2. Recline the seat, if possible.
  3. Walk toward the car and turn.
  4. Using your walker, back up to the car until you can feel it touch the back of your legs.
  5. Place your left hand on the dashboard of the car, reaching for the back of the seat with your right hand. Do not hold on to the car door as it may move.
  6. Lower yourself down onto the seat, being careful not to hit your head. Keep your operated leg Number 2 in a green circle straight out in front of you, as needed.
  7. Turn frontward, leaning back as you lift the operated leg Number 2 in a green circle into the car.
  8. Return car seat to its upright position.
  9. Make sure you use your seat belt. We want you to arrive safely.

If your car has fabric seat covers, place a plastic grocery bag on the seat to help you slide once you are seated, and remove bag after seated in the car.

Getting out of the car

Reverse the previous instructions for getting into a car.

Using a reacher or a dressing stick Green exclamation point yield icon

Putting on pants or underwear

  1. Sit down.
  2. Put your operated leg Number 2 in a green circle in first.
  3. Use a reacher or dressing stick to guide the waist band over your foot.
  4. Pull your pant leg up over your knees so the pants are within easy reach.
  5. Repeat for your non-operated leg.
  6. Once both feet are through your pants, stand up with the walker in front of you.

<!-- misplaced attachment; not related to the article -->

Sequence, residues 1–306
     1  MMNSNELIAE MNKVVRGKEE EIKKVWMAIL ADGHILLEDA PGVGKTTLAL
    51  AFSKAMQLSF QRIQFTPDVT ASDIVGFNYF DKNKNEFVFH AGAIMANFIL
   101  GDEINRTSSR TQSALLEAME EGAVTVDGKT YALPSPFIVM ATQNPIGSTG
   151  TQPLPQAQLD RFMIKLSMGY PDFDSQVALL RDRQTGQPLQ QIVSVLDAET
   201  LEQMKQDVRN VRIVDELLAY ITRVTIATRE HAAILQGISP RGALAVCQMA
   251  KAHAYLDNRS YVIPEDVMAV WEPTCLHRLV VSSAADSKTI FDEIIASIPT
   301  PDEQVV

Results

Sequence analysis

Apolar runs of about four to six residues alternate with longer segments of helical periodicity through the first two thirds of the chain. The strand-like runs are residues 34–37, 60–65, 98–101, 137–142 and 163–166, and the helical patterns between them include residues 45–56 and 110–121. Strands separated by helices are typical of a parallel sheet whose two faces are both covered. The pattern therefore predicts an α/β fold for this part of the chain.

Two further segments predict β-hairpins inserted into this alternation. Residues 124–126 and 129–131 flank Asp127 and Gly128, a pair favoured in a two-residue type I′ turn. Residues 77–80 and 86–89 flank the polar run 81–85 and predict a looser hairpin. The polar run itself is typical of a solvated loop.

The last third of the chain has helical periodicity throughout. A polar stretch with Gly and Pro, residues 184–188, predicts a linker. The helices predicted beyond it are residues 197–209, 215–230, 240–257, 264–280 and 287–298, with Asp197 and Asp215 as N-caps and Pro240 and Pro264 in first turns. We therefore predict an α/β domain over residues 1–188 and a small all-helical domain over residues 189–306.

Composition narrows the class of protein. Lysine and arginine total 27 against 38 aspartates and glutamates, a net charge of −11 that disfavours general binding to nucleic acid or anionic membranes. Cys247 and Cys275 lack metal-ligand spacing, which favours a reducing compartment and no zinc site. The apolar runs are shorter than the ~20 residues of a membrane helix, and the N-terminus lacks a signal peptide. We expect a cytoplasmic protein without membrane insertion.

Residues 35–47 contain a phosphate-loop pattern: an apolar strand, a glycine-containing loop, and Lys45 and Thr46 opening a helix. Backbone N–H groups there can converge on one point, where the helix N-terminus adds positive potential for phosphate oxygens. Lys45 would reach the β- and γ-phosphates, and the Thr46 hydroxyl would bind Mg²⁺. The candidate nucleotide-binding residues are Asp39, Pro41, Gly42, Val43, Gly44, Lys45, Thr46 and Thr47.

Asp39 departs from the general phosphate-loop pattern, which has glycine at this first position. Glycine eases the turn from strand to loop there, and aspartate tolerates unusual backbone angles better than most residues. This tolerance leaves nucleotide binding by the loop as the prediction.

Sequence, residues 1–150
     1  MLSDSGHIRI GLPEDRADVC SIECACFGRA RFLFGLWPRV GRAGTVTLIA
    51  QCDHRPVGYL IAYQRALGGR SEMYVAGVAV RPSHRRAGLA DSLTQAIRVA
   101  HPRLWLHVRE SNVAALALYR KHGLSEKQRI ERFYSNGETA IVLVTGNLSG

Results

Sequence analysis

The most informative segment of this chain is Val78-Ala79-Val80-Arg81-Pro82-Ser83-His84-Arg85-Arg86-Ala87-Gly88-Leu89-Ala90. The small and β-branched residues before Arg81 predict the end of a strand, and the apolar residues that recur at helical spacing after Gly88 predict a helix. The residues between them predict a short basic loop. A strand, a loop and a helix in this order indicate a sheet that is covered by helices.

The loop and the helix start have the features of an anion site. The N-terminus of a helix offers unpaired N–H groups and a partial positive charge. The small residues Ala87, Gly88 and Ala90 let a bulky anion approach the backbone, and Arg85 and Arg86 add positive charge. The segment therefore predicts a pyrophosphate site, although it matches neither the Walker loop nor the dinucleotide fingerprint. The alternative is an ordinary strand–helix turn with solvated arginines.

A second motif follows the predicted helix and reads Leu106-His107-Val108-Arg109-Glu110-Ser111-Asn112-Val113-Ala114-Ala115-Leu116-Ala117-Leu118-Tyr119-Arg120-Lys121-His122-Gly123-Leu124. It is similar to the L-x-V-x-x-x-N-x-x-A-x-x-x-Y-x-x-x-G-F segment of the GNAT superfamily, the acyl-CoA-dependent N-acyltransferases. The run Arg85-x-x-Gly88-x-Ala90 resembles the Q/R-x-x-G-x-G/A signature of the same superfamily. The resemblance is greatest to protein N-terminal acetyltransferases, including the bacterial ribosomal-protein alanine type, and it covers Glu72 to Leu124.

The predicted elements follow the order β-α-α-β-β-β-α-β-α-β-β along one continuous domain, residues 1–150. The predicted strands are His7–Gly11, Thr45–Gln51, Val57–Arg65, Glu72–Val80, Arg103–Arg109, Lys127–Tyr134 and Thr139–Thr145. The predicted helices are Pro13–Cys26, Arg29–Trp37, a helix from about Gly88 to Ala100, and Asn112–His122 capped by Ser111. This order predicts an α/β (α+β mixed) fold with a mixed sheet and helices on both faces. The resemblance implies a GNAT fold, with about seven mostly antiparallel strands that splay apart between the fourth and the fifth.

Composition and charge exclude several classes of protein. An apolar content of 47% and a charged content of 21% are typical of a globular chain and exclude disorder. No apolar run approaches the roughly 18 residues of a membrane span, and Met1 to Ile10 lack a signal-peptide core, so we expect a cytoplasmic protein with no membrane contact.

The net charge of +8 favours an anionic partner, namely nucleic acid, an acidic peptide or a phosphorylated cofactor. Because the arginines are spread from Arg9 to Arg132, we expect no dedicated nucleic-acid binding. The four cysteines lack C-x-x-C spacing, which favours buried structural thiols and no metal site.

7. Pull your pants up the rest of the way.

Taking off pants or underwear

  1. Back up to the chair or bed where you will be undressing.
  2. Unfasten your pants and let them drop to the floor.
  3. Push your underwear down to your knees.
  4. Sit down, keeping your operated leg Number 2 in a green circle out straight, as needed.
  5. Take your non-operated leg out first and then the operated leg.

A reacher or dressing stick can help you remove your pants from your foot and pick them up off the floor.

Using a sock aid Green exclamation point yield icon

  1. Sit down.
  2. Slide the sock onto the sock aid with the toe completely tight at the end.
  3. Hold the cord and drop the sock aid in front of your foot. It is easier to do this if your knee is bent as much as possible.
  4. Slip your foot into the sock aid.
  5. Straighten your knee, point your toe and pull the sock on.
  6. Continue pulling until the sock aid releases.

It is better to wear lace or Velcro shoes, or well fitting slip-ons. Do not wear high-heeled shoes, backless shoes or flip-flops.

Using a long-handled shoehorn Green exclamation point yield icon

  1. Sit down.
  2. Using a reacher, dressing stick or long-handled shoe horn, place your shoe in front of your foot. It is easier to do this if your knee is bent as much as possible.
  3. Place the shoehorn inside the shoe against the back of the heel, with its curve matching the curve of your shoe.
  4. Place your toes in your shoe.
  5. Step down into your shoe, sliding your heel down the shoehorn.
  6. Pull out the shoehorn.
  7. Repeat with your other foot.